132 steps to Vaikuntha

I was introduced to board games as a child by my maternal paati (grandmother in Tamil), Meenakshi R. She loved them and could spend the whole day playing different games with her grandchildren or whoever was free and willing. I wasn’t always free, but I was always willing :-)

We played games like pallankuzhi (a traditional game played with shells and cowries), ludo, snakes and ladders, etc. If I ever got bored playing the same games, she would quickly improvise games on the floor with some pieces of chalk, some string, and other odds and ends that would magically appear from her cupboard. The games were never just games—they were also stories, anecdotes, strategies, wins and losses, all delivered while playing.

Paati died when I was 8, and after her death, playing board games was never the same again—none of my family members or friends could match her enthusiasm and delight for the games. Besides, with school and other growing up activities, playing board games took a back seat.

I resumed my love affair with board games some years back after a chance visit to The Design Store in Bangalore. Tucked away amongst all their furniture and furnishings and knickknacks, was a shelf displaying traditional games from Kreeda. One of the games was Parama Pada Sopanam. Intrigued by the name, I opened the display pack.

Top: The "boxed" game. Bottom: The box opens to reveal a little cloth pouch containing little wooden counters, two elongated metal dies, and an information booklet (not in picture)

The contents of the box were no less intriguing. There was a rolled up cloth which opened into the board game, the Parama Pada Sopanam; a maroon pouch, which revealed 4 brightly coloured, wooden counters; and two long metal dies or the dhayakattai with notches to indicate the number. There was also a pamphlet accompanying the whole package. According to the pamphlet, Parama Pada Sopanam means “Steps [Sopanam] to the Highest Place [Parama Pada]“. The traditional version of the popular and contemporary game Snakes and Ladders, Parama Pada Sopanam is believed to be symbolic of our attempt to reach God with the ladders representing the virtues, and the snakes representing the vices.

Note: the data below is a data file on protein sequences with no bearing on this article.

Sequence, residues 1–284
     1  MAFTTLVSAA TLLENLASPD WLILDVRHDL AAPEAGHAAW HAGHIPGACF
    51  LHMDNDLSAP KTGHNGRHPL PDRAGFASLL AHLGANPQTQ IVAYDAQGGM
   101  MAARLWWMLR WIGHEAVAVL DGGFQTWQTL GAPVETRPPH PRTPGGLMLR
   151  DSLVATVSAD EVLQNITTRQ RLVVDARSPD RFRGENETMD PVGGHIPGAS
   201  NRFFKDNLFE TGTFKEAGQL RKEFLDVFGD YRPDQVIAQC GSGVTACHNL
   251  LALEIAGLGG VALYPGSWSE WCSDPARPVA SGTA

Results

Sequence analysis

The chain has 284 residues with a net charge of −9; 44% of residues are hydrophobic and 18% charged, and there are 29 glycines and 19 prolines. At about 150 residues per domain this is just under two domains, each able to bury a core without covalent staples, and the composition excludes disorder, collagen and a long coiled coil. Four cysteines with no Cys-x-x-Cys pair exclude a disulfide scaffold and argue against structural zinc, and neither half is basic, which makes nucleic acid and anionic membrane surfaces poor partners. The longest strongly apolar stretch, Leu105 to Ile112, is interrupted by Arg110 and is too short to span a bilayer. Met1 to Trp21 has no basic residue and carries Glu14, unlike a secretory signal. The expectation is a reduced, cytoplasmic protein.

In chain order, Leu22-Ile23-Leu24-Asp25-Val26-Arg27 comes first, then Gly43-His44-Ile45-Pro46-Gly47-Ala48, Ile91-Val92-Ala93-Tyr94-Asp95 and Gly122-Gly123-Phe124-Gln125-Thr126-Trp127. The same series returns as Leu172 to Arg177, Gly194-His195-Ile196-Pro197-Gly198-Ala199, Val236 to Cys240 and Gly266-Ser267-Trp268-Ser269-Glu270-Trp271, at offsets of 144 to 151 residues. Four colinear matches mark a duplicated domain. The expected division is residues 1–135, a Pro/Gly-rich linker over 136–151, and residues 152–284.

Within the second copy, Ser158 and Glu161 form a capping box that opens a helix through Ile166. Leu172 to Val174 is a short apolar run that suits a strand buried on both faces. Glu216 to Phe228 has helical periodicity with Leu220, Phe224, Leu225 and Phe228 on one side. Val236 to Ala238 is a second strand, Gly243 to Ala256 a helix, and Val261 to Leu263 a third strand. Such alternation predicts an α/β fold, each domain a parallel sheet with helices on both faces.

With such an interesting introduction to the game, I needed no further encouragement to buy one for myself.

The cloth "board" game

It was a buy that my Paati would have thoroughly approved of and had she been alive would probably have bought one set for me and one for herself as well ! I played my first game of Parama Pada Sopanam with the niece (who was about 8 or 9 at that time).

Karkodaga, representing jealousy, is the longest/largest snake in the game

The cloth game board is large and divided into 132 squares. Each snake or vice has been named after a demon or rakshasa from Hindu mythology. The snakes (vices) are—Ravana (lust), Hiranyaksha (power), Narakasura (cruelness), Bakasura (greed), Duryodhana (ambition), Kumbhakarna(laziness), Karkodaga (jealousy), Sishupala (over-confidence), Dhakshaka (anger), Mahabali (pride), Surapadman (vengefulness), Hiranyakashipu (arrogance), and Mahisasura (wickedness). Strictly speaking, Duryodhana and Sishupala are not demons, but their vices have earned them the dubious distinction of being one, at least for this game. I was quite surprised to find that Ravana, arguably the best known “villain” from Hindu mythology, was just a teeny-weeny snake here in the game—in fact, he is the smallest snake. And Karkodaga, who ranks pretty low down on my “demon-meter” was the largest/longest snake here.